Thursday, April 20, 2017
This new CBS News item, headlined "Support for marijuana legalization at all-time high," reports on a notable new CBS News poll about marijuana policy and reform. Here are some details:
Sixty-one percent of Americans think marijuana use should be legal, a five-point increase from last year and the highest percentage ever recorded in this poll. Eighty-eight percent favor medical marijuana use.
Seventy-one percent oppose the federal government’s efforts to stop marijuana sales and its use in states that have legalized it, including opposition from most Republicans, Democrats, and independents.
Sixty-five percent think marijuana is less dangerous than most other drugs. And only 23 percent think legalizing marijuana leads to an increase violent crime.
More generally on the topic of drug abuse, 69 percent think that should be treated as an addiction and mental health problem rather than a criminal offense.
The belief that pot should be legal has reached a new high in CBS News polls. Sixty-one percent of Americans now say the it should be, a five-point increase from a year ago. This sentiment has increased each year we’ve measured it since 2013, with the turning point to majority support coming in 2014. Back in 1979, this poll found just 27 percent saying it should be legal.
Those over 65 are the most opposed to legalization, but most under age 65 support it. And women are now as much in favor of legal marijuana as men are; in previous years they were less so.
Many states have legalized pot in some form, and most Americans don’t think the federal government should try to stop its sale and use in those states. Even among those who think marijuana should be illegal, only half think the federal government should get involved with the states. This sentiment cuts across party lines: Majorities of Republicans (63 percent), Democrats (76 percent), and independents (72 percent) oppose the federal government trying to stop marijuana use in these states.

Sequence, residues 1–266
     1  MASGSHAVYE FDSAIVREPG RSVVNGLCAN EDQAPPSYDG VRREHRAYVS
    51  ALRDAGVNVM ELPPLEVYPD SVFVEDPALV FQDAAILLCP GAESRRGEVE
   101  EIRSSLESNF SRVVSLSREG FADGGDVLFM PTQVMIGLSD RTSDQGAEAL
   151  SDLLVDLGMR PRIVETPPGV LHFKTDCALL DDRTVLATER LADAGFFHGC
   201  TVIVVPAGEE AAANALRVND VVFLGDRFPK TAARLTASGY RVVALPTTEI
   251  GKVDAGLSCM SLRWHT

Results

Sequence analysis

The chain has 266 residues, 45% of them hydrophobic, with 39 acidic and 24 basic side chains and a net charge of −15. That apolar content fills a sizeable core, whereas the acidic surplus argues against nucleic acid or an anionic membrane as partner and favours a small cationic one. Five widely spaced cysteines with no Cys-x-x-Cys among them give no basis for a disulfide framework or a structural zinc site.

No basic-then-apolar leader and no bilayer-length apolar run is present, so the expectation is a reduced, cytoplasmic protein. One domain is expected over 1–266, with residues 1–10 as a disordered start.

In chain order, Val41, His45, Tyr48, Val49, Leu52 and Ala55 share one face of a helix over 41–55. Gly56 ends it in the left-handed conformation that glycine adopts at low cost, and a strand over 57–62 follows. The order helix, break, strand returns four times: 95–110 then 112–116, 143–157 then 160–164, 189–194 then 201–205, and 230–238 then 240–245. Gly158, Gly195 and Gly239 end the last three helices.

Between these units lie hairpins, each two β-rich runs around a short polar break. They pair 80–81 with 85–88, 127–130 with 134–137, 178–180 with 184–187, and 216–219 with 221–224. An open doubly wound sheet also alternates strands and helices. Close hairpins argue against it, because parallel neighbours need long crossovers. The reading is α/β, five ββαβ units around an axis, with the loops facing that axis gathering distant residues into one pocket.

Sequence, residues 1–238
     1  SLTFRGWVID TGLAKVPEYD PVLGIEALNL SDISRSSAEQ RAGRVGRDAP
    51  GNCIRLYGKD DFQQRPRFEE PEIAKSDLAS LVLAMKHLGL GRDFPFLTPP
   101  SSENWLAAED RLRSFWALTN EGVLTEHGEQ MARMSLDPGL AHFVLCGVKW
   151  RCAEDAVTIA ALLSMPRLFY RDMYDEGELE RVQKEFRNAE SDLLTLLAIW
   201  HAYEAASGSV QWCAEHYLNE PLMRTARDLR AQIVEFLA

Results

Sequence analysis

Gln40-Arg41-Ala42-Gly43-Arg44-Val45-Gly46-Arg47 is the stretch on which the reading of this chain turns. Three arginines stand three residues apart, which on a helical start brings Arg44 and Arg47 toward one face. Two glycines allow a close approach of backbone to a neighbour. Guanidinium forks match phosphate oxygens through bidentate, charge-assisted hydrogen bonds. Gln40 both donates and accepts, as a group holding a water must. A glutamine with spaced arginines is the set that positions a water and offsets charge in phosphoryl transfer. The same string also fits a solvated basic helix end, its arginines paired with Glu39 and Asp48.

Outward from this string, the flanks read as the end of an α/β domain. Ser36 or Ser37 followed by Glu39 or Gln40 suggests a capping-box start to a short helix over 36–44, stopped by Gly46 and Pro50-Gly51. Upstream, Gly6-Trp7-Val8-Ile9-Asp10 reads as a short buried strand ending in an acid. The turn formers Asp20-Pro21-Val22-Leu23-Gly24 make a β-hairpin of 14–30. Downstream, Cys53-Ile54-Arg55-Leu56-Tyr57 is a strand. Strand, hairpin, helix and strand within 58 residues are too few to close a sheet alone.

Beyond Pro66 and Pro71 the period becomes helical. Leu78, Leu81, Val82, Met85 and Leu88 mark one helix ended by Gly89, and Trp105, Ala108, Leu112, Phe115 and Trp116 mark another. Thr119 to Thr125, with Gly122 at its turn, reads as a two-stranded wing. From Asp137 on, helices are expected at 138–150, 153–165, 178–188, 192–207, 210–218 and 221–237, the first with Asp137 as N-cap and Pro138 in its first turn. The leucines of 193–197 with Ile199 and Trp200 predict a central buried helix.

Attorney General Jeff Sessions has asserted a connection between marijuana and violent crime, but few Americans see it that way: just 23 percent think legalizing pot increases violent crime, while nearly as many think legal marijuana decreases it.
Generally, most Americans think habitual drug use should be treated as an addiction problem rather than a criminal offense. Even most Americans who oppose legalizing marijuana think so. Majorities of Republicans, Democrats, and independents all agree. Most Americans view marijuana in particular as safer than alcohol....
Support for legalization has risen among all age groups – particularly those under 55. Americans under 35 show the strongest support. Three in four adults between 18 and 34 support legal marijuana use, as do six in 10 Americans between 35 and 64. Seniors remain the one age group for whom a majority still think marijuana use should be against the law.
I think especially interesting and notable are the breakdown in these numbers by party affiliation detailed here. Specifically, I find it quite interesting that, according to this poll, Republicans disfavor marijuana legalization by a slight margin (49% to 46%), they still overwhelming support medical marijuana access (87% to 11%) and significantly oppose the federal government taking action to stop marijuana sales in legalization states (63% to 33%). These numbers suggest that any strong Trump Administration push against state legalization efforts will likely engender some backlash among supporters as well as opponents of the President.